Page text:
Since I tend to spend a majority of my time covering the oil and gas sector, asset-related events are always something I tend to keep an eye on. With that said, and in the wake of its latest asset acquisition, I wanted to highlight several reasons why I've chosen to stay bullish on units of Vanguard Natural Resources (NYSE:VNR).
Headquartered in Houston, Texas, Vanguard Natural Resources, LLC, through its subsidiaries, acquires and develops oil and natural gas properties in the United States. It owns properties, and oil and natural gas reserves, which are located in eight operating basins, including the Arkoma Basin in Arkansas and Oklahoma, the Permian Basin in West Texas and New Mexico, the Big Horn Basin in Wyoming and Montana, the Piceance Basin in Colorado, the Gulf Coast Basin in Texas and Mississippi, the Wind River Basin in Wyoming, the Williston Basin in North Dakota and Montana, and the Powder River Basin in Wyoming.
Hunt Oil Asset Acquisition
On Monday, August 4, Vanguard Natural Resources announced that it had agreed to acquire natural gas, oil and natural gas liquids assets in North Louisiana and East Texas from Hunt Oil for $278M. The properties consist of approximately 23,000 net acres that are currently producing an estimated 17.5M cfe/day, two-thirds natural gas and one-third oil and NGLs. The acquisition also possesses an estimated reserve life of over 23 years which is based on internally estimated proved reserves of approximately 150 Bcfe.
One of the most important things both unitholders and potential investors should note is the fact that the acquisition will be immediately accretive to DCF which means that there is an even greater chance which could see an increase of the company's monthly distribution.
A Look At Vanguard's Annualized Distribution Growth
Over the last eight years we've seen VNR's distribution climb from $1.70/unit to its present level of $2.52/unit which is due in large part to increases in the company's DCF (which stood at $41.8 million at the end of Q1). If the company can continue to enhance its DCF through transactions that are similar in scope to the Hunt Oil acquisition there's a very good chance we could see an annualized distribution range of $2.85/unit-to-$3.00/unit by the end of 2014, and an annualized distribution range of $2.90/unit-to-$3.30/unit by the end of 2015.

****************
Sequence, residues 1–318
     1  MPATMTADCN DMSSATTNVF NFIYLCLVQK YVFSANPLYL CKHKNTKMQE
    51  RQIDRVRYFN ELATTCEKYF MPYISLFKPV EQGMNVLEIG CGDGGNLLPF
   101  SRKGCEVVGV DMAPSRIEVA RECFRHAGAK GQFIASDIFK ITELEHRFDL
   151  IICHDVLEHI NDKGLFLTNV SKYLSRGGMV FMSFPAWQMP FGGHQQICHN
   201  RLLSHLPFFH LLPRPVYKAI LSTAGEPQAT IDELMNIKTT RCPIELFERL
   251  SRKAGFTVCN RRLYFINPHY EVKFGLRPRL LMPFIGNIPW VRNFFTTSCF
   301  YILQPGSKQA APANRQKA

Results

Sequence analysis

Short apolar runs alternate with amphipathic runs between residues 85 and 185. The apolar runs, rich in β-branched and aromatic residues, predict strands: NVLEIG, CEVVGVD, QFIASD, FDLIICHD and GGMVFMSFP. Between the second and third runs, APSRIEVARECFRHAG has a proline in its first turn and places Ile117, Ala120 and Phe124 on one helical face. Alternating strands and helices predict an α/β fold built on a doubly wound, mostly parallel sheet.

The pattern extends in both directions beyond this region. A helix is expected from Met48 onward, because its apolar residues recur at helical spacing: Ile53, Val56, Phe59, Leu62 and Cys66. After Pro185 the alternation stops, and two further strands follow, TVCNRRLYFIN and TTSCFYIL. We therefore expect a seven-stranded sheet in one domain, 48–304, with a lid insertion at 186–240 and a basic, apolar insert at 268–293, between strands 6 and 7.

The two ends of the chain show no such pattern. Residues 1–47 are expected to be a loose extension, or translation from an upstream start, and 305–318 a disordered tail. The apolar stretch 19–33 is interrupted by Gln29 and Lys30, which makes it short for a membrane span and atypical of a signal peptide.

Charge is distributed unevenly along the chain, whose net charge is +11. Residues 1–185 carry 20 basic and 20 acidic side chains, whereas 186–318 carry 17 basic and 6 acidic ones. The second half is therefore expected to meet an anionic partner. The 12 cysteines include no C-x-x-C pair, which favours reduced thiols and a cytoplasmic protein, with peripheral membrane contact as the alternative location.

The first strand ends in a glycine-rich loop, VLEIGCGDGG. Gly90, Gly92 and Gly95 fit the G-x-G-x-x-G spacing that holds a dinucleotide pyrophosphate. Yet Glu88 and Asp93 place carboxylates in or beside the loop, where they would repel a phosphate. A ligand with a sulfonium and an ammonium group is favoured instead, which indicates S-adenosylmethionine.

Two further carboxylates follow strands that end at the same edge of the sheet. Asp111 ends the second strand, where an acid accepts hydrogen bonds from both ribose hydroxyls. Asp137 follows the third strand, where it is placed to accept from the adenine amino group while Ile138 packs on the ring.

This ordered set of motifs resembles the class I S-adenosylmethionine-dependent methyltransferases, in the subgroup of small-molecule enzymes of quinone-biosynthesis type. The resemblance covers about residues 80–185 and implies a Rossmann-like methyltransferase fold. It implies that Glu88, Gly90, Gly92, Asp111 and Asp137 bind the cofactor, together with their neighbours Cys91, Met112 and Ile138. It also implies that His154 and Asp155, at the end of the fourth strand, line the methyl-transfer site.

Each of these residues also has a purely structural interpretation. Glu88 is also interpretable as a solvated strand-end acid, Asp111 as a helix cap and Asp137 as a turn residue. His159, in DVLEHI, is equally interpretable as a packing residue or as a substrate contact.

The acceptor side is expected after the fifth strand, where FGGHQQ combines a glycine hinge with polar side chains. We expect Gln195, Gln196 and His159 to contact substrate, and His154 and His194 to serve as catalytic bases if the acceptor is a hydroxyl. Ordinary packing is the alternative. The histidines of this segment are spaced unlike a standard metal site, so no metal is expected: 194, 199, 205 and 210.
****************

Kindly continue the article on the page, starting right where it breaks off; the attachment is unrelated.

Recent Trend Behavior Should Get A Boost From The Hunt Oil Asset Acquisition
On Friday, shares of VNR, which currently possess a market cap of $2.46 billion, a forward P/E ratio of 19.28, and a dividend yield of 8.19% ($2.52), settled at a price of $30.77/unit. Based on Friday's closing price of $30.77/unit, shares of VNR are trading 3.30% below their 20-day simple moving average, 1.35% above their 50-day simple moving average, and 5.67% above their 200-day simple moving average.
Based on the above referenced trends, these numbers would normally indicate a short-term downtrend and a long-term uptrend for the stock, which generally translates into a selling mode for most near-term traders and a buying mode for most long-term investors. However, the company's near-term trend behavior should reverse curse and begin to move in a positive direction as a direct result of the transaction.
For those of you who may be looking to establish a position in Vanguard Natural Resources, I'd continue to keep an eye out for any additional developments that may come as result of the Hunt Oil asset-based acquisition and also keep an additional eye on the partnership's monthly distribution as I strongly believe it will increase as a direct result of the transaction.
Disclosure: The author is long VNR. The author wrote this article themselves, and it expresses their own opinions. The author is not receiving compensation for it (other than from Seeking Alpha). The author has no business relationship with any company whose stock is mentioned in this article.